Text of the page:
Why You Should Eat 4 Times A Day
Some swear by snacks, others stick to three squares. A nutritionist settles the debate.
It can be hard to know how often to eat—whether you’re looking to gain size, trim down, or just get through the day continually energized. The idea of downing three squares and two snacks has been bandied about as often as eating six mini-meals a day. But which is ideal?
“Clients ask all the time if eating five or six times a day is necessary," says Brian St. Pierre, R.D., a fitness and nutrition coach with Precision Nutrition. “It seems daunting and many feel they don’t have time to think, plan, and prepare for that.”
According to St. Pierre, the idea of eating multiple mini-meals each day was based on early research. “There’s a thermic effect from eating. It bumps up your metabolism, so the thought was that by eating more frequently, you’d give your body a greater overall metabolic boost for the day, but it’s the total intake that matters.”
For example, a male requiring 3,000 calories a day could eat six 500-calorie meals or three 1000-calorie meals and that would translate to six smaller metabolic rises versus three bigger rises. At the end of the day, however, the thermic effect would be equal, St. Pierre explains.
There can be problems with either strategy. With the six-times-a-day scenario, you’re often eating every two to three hours and may perpetually feel like you just ate, but aren’t satisfied. On the flipside, eating too infrequently, with long stretches of time between meals, can lead to poor choices and overeating.
“It’s about finding that sweet spot. I advise clients to eat about four times a day," says St. Pierre. “That way there’s less meal prep. You can have breakfast at home, pack lunch and one snack to bring to the office, and then have dinner back home. It’s a good general rule of thumb but it’s really about figuring out what works for you.”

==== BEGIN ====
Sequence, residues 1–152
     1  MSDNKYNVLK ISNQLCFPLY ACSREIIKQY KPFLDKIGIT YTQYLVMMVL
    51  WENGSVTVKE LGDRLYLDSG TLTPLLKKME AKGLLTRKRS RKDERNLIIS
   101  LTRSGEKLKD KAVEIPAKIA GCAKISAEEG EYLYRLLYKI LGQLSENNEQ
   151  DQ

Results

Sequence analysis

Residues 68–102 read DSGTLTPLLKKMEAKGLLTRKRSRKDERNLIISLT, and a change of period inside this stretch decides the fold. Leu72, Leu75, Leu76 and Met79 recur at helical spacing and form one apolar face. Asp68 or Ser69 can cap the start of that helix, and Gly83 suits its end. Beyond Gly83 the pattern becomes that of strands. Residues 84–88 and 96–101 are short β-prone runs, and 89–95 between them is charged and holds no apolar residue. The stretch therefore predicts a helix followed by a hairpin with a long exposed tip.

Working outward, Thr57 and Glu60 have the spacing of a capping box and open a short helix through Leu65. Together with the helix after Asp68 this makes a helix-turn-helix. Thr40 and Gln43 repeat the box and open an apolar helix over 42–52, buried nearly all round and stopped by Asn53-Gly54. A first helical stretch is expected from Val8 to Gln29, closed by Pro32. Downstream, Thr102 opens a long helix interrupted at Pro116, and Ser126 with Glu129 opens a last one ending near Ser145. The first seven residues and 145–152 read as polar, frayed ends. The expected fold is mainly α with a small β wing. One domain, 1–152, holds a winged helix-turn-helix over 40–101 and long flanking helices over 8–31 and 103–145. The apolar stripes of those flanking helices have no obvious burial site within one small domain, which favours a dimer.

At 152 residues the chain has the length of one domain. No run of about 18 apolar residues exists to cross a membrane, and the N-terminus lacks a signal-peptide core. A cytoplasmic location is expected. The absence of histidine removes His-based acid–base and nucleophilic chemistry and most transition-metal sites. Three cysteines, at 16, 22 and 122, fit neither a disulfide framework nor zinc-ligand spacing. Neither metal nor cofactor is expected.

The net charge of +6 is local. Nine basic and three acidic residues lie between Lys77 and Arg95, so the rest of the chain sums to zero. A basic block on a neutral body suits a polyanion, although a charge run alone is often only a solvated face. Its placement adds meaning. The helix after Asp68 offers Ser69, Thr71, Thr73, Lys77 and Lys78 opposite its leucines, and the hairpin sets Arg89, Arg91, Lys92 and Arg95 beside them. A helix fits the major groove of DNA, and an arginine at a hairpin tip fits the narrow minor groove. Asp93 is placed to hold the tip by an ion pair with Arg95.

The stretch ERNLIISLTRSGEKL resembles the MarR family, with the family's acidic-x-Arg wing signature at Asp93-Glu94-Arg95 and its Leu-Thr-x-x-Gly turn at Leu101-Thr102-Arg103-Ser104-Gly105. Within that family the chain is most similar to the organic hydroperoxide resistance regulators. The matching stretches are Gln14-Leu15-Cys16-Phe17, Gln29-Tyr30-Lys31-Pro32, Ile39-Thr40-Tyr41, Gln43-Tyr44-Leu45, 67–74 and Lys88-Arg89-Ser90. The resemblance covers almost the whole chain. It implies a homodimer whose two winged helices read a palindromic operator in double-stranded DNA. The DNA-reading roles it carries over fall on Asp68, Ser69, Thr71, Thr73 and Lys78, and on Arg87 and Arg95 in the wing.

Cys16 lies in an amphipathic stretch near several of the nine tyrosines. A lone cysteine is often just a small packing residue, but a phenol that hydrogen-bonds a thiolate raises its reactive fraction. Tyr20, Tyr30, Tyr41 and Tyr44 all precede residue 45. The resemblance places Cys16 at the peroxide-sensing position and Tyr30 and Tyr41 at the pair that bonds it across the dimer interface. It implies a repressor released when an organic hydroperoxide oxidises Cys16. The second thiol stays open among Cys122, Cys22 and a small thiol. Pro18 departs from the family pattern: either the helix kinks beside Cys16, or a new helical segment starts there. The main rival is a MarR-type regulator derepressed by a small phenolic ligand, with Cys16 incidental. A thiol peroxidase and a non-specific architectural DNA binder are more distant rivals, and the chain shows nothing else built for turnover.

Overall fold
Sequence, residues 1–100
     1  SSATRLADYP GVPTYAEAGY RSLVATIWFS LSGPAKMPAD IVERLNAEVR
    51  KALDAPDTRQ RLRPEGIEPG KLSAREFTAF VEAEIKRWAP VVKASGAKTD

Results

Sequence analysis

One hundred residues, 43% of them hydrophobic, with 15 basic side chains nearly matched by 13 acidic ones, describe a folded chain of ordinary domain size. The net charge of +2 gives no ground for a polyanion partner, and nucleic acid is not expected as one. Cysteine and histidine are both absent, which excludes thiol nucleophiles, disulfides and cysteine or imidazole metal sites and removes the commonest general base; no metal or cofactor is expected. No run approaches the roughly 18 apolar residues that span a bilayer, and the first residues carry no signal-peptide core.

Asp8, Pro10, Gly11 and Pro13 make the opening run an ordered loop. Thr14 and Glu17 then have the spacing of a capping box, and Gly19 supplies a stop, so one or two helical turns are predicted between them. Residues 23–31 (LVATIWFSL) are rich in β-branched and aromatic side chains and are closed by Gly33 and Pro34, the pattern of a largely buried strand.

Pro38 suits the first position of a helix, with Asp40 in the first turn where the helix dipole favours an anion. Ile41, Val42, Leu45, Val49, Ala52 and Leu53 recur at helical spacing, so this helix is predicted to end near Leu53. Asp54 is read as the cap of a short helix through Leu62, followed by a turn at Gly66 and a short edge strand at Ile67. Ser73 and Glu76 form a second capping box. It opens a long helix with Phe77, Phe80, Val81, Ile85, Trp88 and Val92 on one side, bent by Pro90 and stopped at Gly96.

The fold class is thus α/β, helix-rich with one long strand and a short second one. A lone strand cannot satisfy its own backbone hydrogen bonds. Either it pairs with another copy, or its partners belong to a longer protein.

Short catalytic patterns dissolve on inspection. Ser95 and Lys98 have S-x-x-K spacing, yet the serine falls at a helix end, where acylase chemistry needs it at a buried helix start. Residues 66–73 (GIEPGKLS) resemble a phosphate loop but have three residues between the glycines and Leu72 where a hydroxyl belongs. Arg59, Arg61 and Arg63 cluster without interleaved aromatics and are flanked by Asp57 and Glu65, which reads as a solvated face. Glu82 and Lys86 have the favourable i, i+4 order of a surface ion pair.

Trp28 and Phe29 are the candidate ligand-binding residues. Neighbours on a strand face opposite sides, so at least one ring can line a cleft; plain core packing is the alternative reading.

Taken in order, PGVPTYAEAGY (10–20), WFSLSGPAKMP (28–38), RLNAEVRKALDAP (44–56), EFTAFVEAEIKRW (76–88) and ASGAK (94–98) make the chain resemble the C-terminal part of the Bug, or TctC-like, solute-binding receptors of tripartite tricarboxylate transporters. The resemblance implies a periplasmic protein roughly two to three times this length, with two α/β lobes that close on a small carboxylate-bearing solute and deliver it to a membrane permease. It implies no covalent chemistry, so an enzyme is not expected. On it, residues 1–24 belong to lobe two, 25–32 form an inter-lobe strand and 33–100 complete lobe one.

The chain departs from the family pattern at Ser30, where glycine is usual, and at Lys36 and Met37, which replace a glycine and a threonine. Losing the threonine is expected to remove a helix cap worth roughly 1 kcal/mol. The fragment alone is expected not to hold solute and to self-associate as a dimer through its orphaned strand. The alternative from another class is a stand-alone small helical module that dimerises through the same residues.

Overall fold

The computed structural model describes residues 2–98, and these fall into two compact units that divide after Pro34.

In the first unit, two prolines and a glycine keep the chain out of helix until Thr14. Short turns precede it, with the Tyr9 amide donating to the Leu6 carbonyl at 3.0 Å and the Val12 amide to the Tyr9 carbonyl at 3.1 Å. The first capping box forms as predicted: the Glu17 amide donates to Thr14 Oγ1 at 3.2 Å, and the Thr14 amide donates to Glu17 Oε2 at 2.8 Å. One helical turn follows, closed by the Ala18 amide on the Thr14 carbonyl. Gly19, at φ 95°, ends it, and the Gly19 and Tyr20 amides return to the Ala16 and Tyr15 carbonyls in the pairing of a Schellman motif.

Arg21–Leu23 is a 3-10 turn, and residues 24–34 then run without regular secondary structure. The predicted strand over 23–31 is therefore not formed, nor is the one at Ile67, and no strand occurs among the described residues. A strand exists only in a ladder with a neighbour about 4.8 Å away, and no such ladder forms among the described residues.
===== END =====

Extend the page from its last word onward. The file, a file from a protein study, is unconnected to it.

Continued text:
Identifying your ideal meal frequency can take some tinkering. Here, St. Pierre offers his tips:
Look at your day-to-day schedule.
“What’s feasible with the kind of job you have? Forget the physiology of what you’ve read and figure out what fits into your life,” he says. Smaller, snack-like meals may work best if your job is more on-the-go than deskbound.
Ask yourself which approach you instinctively prefer.
Are you a grazer at heart or a three-squares person, enjoying fewer, more filling meals, without snacks? “The latter is what my wife prefers and it works for her,” says St. Pierre. “There’s no physiological need to snack between meals unless doing so helps you not overeat at your main meals.”
Try a two-week test-drive, then assess the outcome.
Did you really eat five times a day or was four times a better fit? If so, then plan for that. Adjust accordingly, removing a meal or adding one, say if you were consistently hungry or if you were trying to gain size, St. Pierre suggests.
Give adjustments another two weeks.
“Get into the flow of life and see if you’ve got a better fit. If so, make that your M.O,” he says. “But know that your days may sometimes vary and not go according to plan and big life changes like switching jobs or moving can mean future adjustments.”